What a pile of Severely Hurt Information Technologies, if I have to avoid the acronyms. We are aware of no major flaws of inflation. In fact, we don't know of any flaws of inflation that would indicate that something is wrong. And one of the main victories of inflation is exactly its ability to explain where did the Big Bang get the bang, if I use Brian Greene's words in "The Fabric of the Cosmos". What Jonathan Leake wrote is a malicious lie.

Moreover, even if there were a sense in which inflation doesn't explain its very beginning, the same is true for the other scenarios even though the beginning may be shifted further to the past. To summarize: the lie is absolutely unjustifiable and atrocious piece of propaganda.

And it is not the only absurdity: the next paragraph argues that inflation contradicts the cosmological constant which is quite crazy given the fact that the whole mechanism of inflation is an exponential expansion because of temporarily higher cosmological constant that eventually rolls to its present value.

It is even more outrageous if you realize that the theory that was chosen to have "major flaws" according to The Sunday Times is a nearly proved theory of inflation, while other patently wrong theories that have been invalidated by all of recent research - such as the discrete theories of gravity - are never mentioned negatively in the media - because their authors share the same anti-scientific sentiments with the poor journalists.

The only thing we don't know about the inflation is the full picture with all the potentials etc. - something that should ultimately be calculable from a fundamental theory (which probably means string theory) - but we have never known the theory of everything in the past so this is not the first time. This incomplete knowledge has never prevented us from making progress in the previous examples. The progress called "inflation" is no different.

Inflation is the way to go beyond the standard Big Bang cosmology. Just like in high-energy physics, it is true that we must rely on theoretical reasoning more than ever before because direct data about the high-energy mechanisms that created the CMB spectrum are not available.

And yes, we don't think that the same predictions have been derived from the alternative theories as reliably and convincingly as they have been derived from the inflationary framework - the difference seems large - and many people argue that the papers on the cyclic universe have been plagued by errors. I haven't checked most of these statements myself but I have sociological reasons to believe them.

Cyclic universes are also far from being the only competitors of inflation, if you can't resist to talk about alternatives. See e.g. the recent papers by Ali Nayeri, Cumrun Vafa, Robert Brandenberger, et al. These guys also think that the cyclic universe is not a good approach. Their alternative uses some very specific possibilities offered by string theory thermodynamics but it remains controversial, too. You can see that more stringy-sounding titles don't necessarily mean that they are more acceptable by the "establishment". At any rate, you should read the papers by Ali, Cumrun, Robert et al. because they are understudied and they could lead to a more realistic alternative solution than the cyclic universe.

What to do with articles that try to increase the heat inside the scientific community?

Of course that an ideal scientist won't get affected by irrational arguments like stupid and untrue articles in the newspapers or hate mail that he may receive after these stupid articles are published. ;-) But we live in the real world, not in the ideal world. Recently, I find the amount of attempts of dumb journalists to intimidate scientists and influence what they think about scientific questions - by misusing the public opinion - to be absolutely outrageous, especially given the thoroughly unscientific character of the journalists' motives.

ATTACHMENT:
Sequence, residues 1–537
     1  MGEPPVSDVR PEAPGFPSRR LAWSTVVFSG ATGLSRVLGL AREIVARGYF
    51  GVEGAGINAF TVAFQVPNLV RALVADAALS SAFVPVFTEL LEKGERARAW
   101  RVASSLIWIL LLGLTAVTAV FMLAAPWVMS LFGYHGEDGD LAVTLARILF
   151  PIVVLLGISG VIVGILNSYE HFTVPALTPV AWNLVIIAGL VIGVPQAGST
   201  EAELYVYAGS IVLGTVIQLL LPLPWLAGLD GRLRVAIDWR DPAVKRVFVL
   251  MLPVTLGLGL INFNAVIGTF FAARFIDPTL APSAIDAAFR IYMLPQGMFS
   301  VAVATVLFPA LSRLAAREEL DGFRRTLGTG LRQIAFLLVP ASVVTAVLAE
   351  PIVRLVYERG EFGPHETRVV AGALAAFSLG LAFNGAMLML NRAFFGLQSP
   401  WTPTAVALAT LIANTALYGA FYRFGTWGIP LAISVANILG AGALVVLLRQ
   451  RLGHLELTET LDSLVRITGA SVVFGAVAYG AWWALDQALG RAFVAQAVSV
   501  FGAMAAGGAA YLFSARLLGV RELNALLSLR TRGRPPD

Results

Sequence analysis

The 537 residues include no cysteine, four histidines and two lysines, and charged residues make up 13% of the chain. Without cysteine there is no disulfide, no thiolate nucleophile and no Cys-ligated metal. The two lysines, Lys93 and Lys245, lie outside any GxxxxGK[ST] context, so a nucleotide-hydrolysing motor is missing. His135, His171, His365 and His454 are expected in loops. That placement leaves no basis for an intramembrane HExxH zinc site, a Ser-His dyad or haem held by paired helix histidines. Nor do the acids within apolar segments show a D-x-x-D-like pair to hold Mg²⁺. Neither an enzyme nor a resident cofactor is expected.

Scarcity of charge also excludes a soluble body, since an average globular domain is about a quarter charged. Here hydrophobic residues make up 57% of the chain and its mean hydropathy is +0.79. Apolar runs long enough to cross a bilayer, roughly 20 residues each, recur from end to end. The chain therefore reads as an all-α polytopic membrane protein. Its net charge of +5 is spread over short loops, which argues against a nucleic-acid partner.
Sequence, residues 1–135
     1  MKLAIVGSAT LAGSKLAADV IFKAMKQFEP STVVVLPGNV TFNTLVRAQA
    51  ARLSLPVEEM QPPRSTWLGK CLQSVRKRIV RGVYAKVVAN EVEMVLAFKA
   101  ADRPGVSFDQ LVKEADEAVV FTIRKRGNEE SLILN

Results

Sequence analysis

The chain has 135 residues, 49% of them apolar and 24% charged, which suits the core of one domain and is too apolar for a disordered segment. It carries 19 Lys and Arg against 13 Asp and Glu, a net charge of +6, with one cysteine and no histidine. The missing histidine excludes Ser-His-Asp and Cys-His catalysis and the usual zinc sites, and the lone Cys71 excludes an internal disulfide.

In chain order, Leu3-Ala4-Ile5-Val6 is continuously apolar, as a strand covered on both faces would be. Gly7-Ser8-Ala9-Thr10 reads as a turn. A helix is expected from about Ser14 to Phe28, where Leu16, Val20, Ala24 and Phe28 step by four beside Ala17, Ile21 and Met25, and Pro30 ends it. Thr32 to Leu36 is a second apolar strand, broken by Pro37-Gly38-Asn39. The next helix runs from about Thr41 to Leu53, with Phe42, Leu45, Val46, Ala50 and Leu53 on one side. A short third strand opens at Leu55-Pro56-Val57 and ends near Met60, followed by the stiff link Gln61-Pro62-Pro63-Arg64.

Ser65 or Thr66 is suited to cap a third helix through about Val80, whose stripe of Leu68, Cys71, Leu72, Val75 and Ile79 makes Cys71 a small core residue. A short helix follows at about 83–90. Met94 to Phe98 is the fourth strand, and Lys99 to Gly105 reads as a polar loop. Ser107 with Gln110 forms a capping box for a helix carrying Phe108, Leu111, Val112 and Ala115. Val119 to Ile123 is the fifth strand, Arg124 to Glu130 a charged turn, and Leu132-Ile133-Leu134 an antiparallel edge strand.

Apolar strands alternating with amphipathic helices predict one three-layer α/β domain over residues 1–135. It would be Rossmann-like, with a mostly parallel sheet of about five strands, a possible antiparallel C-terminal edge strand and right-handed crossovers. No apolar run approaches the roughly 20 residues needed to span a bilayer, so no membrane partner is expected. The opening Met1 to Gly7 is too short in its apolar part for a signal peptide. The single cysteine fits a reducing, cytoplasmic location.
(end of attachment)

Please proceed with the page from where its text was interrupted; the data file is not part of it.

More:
Dear Dr. Jonathan Leake, I don't know how I can explain these things so that you would understand them. But as far as cosmology goes, you're just a layman. However, you should try to understand that if you write something in The Sunday Times, it can have quite an effect, so you should better try not to write such an incredible piece of Severely Hurt Information Technologies like this painful article.

Once again, the validity of scientific theories has nothing to do with whether or not you like Alan Guth or his slides, and you should allow the scientists and the scientific public to continue to live in the world where these two things are absolutely disconnected. Writing about cosmology - that has become a full-fledged exact science in the last decade - is something different than writing about wild religious sects' witch-hunts against their heretics because the rules are very different. If you bring new external emotions, compassion, or support for your horses, it always hurts science. Everyone who thinks that he or she can help science by some emotions or unscientific recommendations and pressures is misguided.

I, for one, like Alan Guth a lot, but even if I didn't, I would still think that the evidence that inflation is the best way to go in cosmology is extremely strong and the other proposals so far look like convoluted variations borrowing the same basic ideas from inflation that however don't quite work. As far as I can say, Guth and Linde are right and deserve the credit for the key pre-Big-Bang cosmological discoveries, while Hawking and Turok are less right. ;-) But even if the truth is different, the last thing science needs is a political or emotional pressure from journalists who have no idea what's going on.

Do you want to reduce the impact of Einstein's theories because he was a Jew? Feel free to believe and print whatever you want but your dust in the river will follow Einstein's laws of Brownian motion after you die anyway. Do you want to ban quantum mechanics because its key discoverer, Werner Heisenberg, was a German patriot and the leader of the German nuclear efforts? Screw you. The laws of quantum mechanics are those who will eventually kill you and show you who is the king in the city. Similar fate awaits you if you want to deny the QED results of Richard Feynman, the sexist pig, or the quark results of Yuval Ne'eman, the Israeli spy.

And that's the memo.